SURF REALITY MOVIE OF THE MONTH CLUB COLLECTION
Color, 1991-2, 485 mins.
Directed by Matt Mitler, Robert Prichard, Jennifer Babtist, Bennett Theissen, Todd Alcott
StarringMatt Mitler, Kevin Brown, Jeff Eyres, Kiki Flynn, Frank Senger, Carolyn McDermott
Color/B&W, 1994, 91 mins. secs.
Directed by Matt Mitler
Starring Matt Mitler, Kevin Brown, Carolyn McDermott, Kiki Flynn, Debra Wilson, Chuck Montgomery
Art Label (Blu-ray) (US R0 HD)
An offshoot from participants in past indie labels Culture Shock and Verboden, Vinegar Syndrome partner label Art Label gets off to a very wild and intriguing start with a pair of releases showcasing a creative collective in New York City during the first half of the '90s. The impetus here is the Movie of the Month club, a sort of challenge to make up a movie on the spot in one day; it was dreamed up by Class of Nuke 'Em High's Robert Prichard and Jennifer Baptist who enlisted several friends and colleagues. The most prolific and recognizable of these was easily Matt Mitler, a fixture on the underground NYC theater scene and an actor known for starring in the slasher favorite The Mutilator and Brett Piper's Battle for the Lost Planet (in which he has an unforgettable naked battle against a stop-motion dinosaur). Mitler directs and/or stars in the lion's share of the films collected on the two-disc Blu-ray set Surf Reality Movie of the Month Club Collection, as well as doing both duties for the ambitious (and much more leisurely scheduled) "thesis project" for the collective, Cracking Up. Watching all of these collected together on disc is a head-spinning experience, mixing satire, silliness, genre riffing, primal scream therapy, and whatever else struck the creators on that particular day, even including a protracted goofball take on Shakespeare.
Shot on video (mostly) in various apartments and clubs, as well as on the streets without permits, these are true DIY oddities that become more endearing as you start seeing the same names popping up in different capacities from one title to the next (with actors taking turns as cinematographers, composers, and so on). First up is the silly, sleazy, rockabilly-flavored mob yarn Kid Scarface (57m44s), obviously shot in the winter with Mitler as a slick-haired hustler whom we first see throwing a fit when he's turned down for a job at a video store. From there he rubs shoulders with the local crime scene and gets involved with a femme fatale, though mostly it's a slice-of-life character piece about the absurd situation of job struggling in the big city. It also features the roster of actors who will become fixtures here including Carolyn McDermott, Todd Alcott, Jason Brill, Kimberly Flynn, and Chuck Montgomery. Manic A Go-Go (45m35s) is a very loose ode to cult films that starts with a sort of variation on Bela Lugosi's narrator from Glen or Glenda? before spiraling into a chronicle about a guy with a big mullet who's being chased over a gambling debt and ends up at the apartment of a struggling female comic just thrown off of David Letterman, all of which goes sideways quickly with a talent manager and other motor-mouthed characters getting involved. Extra points for pulling the funny "scene missing" gag ages before Death Proof.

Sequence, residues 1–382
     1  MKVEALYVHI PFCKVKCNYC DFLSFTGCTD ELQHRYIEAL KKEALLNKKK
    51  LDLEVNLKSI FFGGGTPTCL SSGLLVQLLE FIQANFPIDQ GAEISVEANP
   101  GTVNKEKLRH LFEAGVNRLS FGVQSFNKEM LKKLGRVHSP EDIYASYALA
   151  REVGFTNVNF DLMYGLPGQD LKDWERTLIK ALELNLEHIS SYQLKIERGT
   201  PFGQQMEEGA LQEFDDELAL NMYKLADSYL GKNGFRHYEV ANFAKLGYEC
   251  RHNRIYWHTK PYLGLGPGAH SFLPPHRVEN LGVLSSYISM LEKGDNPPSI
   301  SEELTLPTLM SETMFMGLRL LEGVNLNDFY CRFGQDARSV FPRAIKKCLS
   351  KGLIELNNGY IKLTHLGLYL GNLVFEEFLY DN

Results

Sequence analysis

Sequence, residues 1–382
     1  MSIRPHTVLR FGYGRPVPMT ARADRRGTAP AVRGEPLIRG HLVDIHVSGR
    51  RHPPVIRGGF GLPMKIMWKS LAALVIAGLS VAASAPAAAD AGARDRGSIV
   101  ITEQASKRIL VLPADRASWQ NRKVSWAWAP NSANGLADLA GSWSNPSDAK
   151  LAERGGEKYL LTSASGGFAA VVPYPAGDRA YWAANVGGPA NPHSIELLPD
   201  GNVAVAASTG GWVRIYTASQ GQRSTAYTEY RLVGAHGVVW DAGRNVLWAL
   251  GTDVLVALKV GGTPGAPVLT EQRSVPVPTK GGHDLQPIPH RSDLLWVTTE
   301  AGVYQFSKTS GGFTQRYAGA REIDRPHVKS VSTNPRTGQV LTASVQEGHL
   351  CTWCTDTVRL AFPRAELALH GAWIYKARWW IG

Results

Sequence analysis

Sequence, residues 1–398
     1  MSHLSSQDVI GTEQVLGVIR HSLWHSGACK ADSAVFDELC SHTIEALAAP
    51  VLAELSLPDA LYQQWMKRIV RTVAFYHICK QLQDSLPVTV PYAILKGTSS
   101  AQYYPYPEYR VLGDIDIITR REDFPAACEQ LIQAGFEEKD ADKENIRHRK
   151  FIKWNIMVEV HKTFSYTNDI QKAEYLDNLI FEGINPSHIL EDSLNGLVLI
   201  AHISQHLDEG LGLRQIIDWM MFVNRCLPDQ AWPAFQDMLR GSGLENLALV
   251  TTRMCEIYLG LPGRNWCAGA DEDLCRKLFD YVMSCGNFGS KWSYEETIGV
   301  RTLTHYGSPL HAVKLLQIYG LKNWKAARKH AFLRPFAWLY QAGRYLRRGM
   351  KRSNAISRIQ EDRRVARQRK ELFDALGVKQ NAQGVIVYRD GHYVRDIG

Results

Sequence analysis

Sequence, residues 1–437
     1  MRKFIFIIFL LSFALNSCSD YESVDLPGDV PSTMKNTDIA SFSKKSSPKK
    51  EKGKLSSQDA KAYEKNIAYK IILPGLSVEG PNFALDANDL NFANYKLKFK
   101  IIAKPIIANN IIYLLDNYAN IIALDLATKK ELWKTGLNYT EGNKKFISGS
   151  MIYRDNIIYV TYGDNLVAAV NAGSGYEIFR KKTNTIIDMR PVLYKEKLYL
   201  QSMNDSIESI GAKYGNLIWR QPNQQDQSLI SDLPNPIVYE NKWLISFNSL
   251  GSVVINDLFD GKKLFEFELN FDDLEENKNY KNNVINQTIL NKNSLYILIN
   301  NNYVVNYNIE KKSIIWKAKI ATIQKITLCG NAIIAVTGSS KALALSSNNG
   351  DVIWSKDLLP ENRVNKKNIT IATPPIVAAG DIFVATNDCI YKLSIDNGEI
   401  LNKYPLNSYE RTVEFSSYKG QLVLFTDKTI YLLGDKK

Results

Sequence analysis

The Prichard-directed Thrill Kill Video Club (47m43s) heads back to the same video store, this time complete with a theme song to boot as we encounter a bunch of misfits at an apartment building whose forays into homicide, intentional or not, are the foundation of the title organization as they use plastic wrap and weapons to make their own video hits. This one is actually quite witty and bizarre at times, as well as the one where things start to get reflexive with an obese guy wielding a knife to eat a tub of frosting sits around watching Kid Scarface. Dick and Jane Drop Acid and Die (54m17s) is... well... a parody of scare films with a narrator warning us about the dangers of LSD, while some bizarre Manhattan denizens act up around town and music ranging from thrash to warbling folk blasts on the soundtrack. It's different. I Was a Teenage Bride of Christ (45m1s) has really rough audio, but it's an amusing, very John Waters-style look at a couple of women whose friendship and plans for an upcoming wedding are disrupted by a major life course change. Complete with a bit of nunsploitation, a Jesus cameo, and the sight of busking nuns in the middle of New York, this one doesn't overstay its welcome and gets nuttier as it goes along. Les Enfants Miserables (51m15s) features Nancy Fichman, Mitler, and McDermott in an elaborate black-and-white lampoon of French art films, revolving here around a destitute pair of siblings named Jack and Jill performing experiments in their apartment only to have to move out and find suitable marriage partners according to the demands of their deceased father's will. Last on the first disc is Alien Sex Phone Psycho (48m8s), which delivers exactly what the title promises as a horror host introduces the twisted saga of urban dwellers being found sliced to bloody ribbons while making phone sex calls. All of the films are pulled from the original tapes and look very SOV-like, obviously, while the DTS-HD MA 2.0 English mono tracks are limited by the source. The optional English SDH subtitles come in very handy during some muffled moments of dialogue, too.